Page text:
Assessing the impacts of urban rail transit on local real estate markets using quasi-experimental comparisons
A number of studies have concluded that recent rail transit investments have impacted the form and land use character of American cities far less than their counterparts a century or so ago. This study compares a number of measures of market performance between office submarkets located at selected rail transit stations in Washington, DC and Atlanta, with otherwise similar office submarkets lacking transit service. Comparisons are made over the period between 1978 and 1989. Although there were notable exceptions, the research finds that office projects located at or near transit stations enjoyed a slight office rent premium over their freeway-oriented competitors. In addition, office projects near rail stations tended to be slightly larger, and lease up somewhat more rapidly than office projects at the nonrail control sites. Other comparisons of office market performance tended to be more equivocal. These results suggest that although rail transit service does generate some benefits for the owners of commercial properties near transit stations, such benefits tend to be quite small.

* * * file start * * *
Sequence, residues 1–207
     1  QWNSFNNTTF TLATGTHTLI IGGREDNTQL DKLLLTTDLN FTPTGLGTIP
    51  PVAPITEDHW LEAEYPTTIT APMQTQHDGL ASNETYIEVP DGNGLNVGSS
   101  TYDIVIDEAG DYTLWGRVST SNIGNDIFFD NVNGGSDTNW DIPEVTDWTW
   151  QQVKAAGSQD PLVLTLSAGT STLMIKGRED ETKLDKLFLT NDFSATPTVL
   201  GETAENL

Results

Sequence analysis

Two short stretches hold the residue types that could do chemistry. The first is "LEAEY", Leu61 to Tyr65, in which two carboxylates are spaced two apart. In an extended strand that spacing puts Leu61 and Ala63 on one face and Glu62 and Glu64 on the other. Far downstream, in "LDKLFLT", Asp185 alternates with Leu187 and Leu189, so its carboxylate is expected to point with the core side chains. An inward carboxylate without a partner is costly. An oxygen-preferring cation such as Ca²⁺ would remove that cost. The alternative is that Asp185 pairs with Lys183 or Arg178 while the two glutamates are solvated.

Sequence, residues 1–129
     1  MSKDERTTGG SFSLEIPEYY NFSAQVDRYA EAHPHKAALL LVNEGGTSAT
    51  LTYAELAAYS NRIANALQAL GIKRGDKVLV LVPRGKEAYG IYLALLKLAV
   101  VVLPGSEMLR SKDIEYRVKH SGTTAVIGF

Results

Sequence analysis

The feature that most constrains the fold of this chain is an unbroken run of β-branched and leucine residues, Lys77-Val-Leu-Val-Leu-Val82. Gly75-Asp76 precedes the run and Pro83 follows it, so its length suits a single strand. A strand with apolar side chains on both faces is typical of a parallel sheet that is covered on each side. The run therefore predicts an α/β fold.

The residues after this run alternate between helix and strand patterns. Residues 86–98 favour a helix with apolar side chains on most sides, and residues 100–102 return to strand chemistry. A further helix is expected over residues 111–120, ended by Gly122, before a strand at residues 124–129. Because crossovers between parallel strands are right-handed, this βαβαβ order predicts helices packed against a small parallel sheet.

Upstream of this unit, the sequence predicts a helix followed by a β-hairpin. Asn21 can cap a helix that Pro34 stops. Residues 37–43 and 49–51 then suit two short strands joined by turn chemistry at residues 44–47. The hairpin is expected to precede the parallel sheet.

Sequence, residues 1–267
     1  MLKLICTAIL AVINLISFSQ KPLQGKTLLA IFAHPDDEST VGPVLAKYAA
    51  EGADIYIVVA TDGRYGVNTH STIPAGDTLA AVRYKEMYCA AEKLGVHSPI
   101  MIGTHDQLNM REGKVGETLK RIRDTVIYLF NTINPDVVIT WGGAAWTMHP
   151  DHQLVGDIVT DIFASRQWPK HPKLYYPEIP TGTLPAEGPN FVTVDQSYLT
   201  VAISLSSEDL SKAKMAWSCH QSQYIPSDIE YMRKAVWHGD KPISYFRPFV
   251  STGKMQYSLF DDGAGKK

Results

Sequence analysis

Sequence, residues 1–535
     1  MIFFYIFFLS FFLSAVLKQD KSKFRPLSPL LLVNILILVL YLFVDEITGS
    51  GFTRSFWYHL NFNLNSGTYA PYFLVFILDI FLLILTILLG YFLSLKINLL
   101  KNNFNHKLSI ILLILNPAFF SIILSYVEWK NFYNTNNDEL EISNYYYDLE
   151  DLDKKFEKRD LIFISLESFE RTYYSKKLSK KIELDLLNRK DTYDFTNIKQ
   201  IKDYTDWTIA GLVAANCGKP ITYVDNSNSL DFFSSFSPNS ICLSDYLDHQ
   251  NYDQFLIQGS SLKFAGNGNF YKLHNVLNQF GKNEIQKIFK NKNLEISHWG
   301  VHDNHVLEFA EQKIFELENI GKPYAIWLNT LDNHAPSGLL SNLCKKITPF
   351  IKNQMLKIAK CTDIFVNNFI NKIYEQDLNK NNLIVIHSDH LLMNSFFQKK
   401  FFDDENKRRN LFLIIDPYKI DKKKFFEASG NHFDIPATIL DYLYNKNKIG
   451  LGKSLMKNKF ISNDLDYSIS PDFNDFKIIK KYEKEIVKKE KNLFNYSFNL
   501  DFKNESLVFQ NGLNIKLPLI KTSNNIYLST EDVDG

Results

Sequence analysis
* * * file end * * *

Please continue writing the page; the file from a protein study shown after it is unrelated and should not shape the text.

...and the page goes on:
Volume (Year): 27 (1993)
Issue (Month): 1 (January)
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